"This solution has been available to any educated
person since serious work began on the brain nearly a
century ago, and, in a sense, we all know to be true." Well,
that should be a relief.
And, "Here it is, mental phenomena are caused by
neurophysiological processes in the
brain." Yeah, of course.
We know that.
You know, knock out your visual cortex; you don't see
any longer.
Knock out your hippocampus.
Other things don't happen.
Frontal cortex, other things, we know that.
But wait a minute, there's a catch.
"Mental phenomena are, themselves,
features of the brain.
Mental phenomena, themselves, are physical.
Wait a minute.
When did we learn that?
Where is the empirical evidence that showed
equivalents between mental phenomena and neural events
rather than neural events taking on the role of causal
agents generating resultant mental phenomena?
Who demonstrated equivalence?
The answer is nobody.
But he's saying everybody knows it.
How does everybody know something that nobody knows
and for which there's no empirical evidence at all of
Well, happily, one of the foremost people on the front
lines of scientific research into consciousness, Christof
Koch, outstanding cogno-neuro scientist, he's the one
leading the charge of trying to find the neural correlates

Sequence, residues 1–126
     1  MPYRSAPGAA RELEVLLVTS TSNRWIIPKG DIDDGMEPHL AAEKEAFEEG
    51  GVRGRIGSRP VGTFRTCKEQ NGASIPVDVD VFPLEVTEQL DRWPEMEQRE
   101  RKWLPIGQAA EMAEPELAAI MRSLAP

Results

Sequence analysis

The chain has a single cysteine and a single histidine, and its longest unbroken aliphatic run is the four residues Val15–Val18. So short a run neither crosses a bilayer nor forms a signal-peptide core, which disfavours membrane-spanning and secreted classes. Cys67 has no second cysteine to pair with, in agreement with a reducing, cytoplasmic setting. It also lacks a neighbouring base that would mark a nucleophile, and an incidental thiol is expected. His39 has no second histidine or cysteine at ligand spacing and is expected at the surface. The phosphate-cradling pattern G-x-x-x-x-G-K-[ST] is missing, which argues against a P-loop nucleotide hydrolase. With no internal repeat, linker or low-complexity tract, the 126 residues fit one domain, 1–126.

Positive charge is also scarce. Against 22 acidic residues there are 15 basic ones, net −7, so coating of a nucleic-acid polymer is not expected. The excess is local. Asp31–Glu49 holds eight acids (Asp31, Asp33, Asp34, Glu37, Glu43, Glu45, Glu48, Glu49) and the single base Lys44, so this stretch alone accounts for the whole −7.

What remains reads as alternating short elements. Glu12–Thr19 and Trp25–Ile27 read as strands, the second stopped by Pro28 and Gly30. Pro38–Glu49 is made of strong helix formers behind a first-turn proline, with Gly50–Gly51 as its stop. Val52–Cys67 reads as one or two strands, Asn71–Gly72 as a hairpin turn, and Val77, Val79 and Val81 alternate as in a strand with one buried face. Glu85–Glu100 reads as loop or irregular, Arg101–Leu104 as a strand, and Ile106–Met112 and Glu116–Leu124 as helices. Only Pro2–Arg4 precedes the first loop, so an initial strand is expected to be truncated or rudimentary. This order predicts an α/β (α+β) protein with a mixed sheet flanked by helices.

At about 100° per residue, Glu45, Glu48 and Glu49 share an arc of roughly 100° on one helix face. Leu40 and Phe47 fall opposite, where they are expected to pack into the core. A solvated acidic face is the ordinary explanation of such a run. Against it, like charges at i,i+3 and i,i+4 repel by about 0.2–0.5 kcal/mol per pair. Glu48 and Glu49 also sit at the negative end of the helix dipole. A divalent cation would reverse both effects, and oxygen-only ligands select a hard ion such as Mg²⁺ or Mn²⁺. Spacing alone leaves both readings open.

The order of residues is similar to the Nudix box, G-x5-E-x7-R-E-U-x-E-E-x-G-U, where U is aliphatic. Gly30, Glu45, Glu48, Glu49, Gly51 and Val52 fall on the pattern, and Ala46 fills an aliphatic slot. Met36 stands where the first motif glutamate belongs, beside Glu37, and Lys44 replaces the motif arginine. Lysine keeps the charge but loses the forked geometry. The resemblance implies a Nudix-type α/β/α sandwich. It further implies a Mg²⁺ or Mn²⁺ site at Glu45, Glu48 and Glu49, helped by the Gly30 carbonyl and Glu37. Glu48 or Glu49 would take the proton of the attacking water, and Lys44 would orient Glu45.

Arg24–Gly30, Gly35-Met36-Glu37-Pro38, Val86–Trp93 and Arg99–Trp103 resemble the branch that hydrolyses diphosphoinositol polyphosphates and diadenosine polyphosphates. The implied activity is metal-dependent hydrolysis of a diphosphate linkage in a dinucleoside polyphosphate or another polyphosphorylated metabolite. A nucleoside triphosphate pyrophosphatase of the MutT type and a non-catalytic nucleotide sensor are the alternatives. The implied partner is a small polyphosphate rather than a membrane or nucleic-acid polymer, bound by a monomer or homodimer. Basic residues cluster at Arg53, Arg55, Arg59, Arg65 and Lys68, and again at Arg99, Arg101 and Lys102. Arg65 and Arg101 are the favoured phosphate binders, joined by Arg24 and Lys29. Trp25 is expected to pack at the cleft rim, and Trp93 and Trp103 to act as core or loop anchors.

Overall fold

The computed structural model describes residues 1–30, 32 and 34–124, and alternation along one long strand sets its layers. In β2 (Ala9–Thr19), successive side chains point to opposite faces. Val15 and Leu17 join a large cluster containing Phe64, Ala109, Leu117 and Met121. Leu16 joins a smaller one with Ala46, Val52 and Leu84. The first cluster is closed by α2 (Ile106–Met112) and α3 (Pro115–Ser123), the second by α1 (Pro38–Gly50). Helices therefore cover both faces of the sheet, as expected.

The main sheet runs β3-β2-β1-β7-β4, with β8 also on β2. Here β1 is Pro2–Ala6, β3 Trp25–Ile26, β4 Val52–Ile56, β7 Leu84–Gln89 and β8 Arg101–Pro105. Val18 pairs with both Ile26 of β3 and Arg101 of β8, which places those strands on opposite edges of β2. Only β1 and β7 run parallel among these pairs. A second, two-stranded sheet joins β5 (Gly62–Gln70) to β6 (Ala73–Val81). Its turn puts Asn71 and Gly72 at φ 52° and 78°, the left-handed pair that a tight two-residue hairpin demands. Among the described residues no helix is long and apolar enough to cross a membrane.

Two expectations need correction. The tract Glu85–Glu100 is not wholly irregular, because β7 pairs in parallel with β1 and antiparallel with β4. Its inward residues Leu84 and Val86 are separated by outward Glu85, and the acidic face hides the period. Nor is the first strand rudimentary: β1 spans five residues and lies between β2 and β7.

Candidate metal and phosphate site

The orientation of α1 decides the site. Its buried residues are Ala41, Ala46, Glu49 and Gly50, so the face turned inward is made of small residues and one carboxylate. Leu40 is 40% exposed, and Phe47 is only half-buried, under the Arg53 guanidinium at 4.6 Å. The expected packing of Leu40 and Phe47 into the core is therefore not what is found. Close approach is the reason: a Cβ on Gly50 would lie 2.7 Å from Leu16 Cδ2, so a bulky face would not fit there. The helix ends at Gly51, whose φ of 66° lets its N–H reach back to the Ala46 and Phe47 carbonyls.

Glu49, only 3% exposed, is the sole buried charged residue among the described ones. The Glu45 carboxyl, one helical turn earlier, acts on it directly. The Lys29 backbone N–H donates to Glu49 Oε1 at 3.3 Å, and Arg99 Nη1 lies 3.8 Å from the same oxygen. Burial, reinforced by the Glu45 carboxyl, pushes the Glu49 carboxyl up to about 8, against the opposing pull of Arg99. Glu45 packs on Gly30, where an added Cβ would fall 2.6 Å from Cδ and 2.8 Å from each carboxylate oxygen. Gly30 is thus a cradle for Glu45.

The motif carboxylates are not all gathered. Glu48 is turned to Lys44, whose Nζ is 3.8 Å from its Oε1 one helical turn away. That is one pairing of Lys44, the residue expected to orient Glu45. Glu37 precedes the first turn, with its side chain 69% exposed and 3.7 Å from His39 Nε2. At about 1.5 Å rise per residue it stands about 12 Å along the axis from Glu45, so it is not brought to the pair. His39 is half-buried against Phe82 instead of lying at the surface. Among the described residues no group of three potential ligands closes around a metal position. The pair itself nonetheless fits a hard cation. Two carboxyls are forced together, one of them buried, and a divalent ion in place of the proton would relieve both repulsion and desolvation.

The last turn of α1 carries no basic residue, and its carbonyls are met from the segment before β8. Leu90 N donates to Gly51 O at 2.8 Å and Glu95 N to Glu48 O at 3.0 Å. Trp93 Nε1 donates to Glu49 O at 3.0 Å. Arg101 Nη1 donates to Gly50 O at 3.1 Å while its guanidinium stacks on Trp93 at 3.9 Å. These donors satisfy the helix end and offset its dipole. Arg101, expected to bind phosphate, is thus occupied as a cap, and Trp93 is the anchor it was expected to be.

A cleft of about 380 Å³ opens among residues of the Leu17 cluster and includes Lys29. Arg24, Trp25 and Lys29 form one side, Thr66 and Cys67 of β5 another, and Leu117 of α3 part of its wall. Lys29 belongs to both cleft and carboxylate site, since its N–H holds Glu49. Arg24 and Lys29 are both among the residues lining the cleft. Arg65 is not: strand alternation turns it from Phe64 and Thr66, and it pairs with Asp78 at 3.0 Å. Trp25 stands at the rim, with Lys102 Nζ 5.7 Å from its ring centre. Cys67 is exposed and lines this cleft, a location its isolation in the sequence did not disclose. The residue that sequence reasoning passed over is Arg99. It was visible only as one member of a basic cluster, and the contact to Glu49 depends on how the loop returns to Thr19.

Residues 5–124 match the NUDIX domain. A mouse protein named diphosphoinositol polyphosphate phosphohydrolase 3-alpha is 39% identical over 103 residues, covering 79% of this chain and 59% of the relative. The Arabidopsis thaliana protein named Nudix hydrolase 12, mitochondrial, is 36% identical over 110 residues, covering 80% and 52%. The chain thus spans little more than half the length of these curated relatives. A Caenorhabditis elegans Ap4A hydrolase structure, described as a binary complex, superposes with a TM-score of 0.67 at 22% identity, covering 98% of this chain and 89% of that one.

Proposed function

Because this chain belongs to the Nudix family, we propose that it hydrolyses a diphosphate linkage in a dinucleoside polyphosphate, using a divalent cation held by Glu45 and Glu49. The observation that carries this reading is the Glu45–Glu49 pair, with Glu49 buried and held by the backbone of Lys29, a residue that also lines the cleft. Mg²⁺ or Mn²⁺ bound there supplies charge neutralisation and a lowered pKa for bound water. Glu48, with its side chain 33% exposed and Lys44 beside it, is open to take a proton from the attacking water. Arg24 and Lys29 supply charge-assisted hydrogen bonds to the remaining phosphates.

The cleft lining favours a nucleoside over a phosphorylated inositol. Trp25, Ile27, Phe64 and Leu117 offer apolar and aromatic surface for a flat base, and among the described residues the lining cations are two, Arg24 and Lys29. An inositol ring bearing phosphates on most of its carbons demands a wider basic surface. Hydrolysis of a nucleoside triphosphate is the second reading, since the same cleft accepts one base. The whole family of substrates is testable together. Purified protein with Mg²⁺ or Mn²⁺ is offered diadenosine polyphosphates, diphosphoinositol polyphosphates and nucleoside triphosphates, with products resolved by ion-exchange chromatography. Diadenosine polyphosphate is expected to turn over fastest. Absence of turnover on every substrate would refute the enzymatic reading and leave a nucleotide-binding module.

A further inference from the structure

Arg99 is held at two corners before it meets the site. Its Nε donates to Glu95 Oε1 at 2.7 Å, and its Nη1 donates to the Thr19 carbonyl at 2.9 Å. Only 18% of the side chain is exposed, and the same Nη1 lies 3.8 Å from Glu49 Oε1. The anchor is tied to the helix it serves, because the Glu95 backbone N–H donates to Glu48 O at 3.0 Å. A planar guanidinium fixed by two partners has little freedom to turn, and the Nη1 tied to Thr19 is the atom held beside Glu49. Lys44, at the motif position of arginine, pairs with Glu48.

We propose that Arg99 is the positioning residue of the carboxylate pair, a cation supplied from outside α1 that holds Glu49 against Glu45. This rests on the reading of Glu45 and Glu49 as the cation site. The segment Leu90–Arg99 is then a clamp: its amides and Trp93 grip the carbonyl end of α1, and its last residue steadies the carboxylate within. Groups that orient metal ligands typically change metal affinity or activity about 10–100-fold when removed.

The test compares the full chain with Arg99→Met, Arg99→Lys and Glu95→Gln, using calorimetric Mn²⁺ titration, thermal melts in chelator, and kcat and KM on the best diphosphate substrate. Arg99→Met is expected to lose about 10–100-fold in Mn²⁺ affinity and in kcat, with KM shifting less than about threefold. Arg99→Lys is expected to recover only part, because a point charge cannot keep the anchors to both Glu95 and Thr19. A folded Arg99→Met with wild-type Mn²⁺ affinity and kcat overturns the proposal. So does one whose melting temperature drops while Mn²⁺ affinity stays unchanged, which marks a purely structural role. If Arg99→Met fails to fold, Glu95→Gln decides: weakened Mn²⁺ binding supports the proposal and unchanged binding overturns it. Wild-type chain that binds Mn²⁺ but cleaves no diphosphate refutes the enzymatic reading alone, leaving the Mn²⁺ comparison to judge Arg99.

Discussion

of consciousness.
He unmasks this illusion when he states, "The character of
brain states and the phenomenal states," by that,
he means mental phenomena, desires, emotions, and so
forth, mental phenomena, "The character of brain states and
mental states appear too different to be completely
reducible to each other."
Look at brain states, they don't have any mental
qualities at all.
Observe mental states, phenomena processes, they
don't have any physical properties at all.
Bring out all your instruments of technology.
They do not detect a single mental event.
So why on earth are we equating these when they don't
even have any overlapping qualities?
And, in fact, neural events, being causal, take, generally,
about 100 milliseconds to generate the
resultant mental state.
They don't even exist at the same point in time.
So he's calling a spade a spade here, you know?
They're so different it now seems unlikely that they can
be reducible to each other, namely, that mental phenomena
are nothing other than brain states.
He said, "I suspect that the relationship is more complex
than traditionally envisioned." Traditionally
envisioned is mental phenomena are just physical.
"For now, it is best to keep an open mind on this matter."
I love it when scientists say that.
Let's just acknowledge that we're ignorant.
We don't know the nature of mental events.
We don't know that they're physical.
Let's keep an open mind.
But, practically speaking, what should we do now?
And let's concentrate on identifying the correlates of
consciousness in the brain.
So it's back to business as usual.
It's not picking up the gauntlet that William James
threw down, it's going back to the safe, observing the
quantifiable, the physical, the objective as if you were
going to really fathom the nature of consciousness by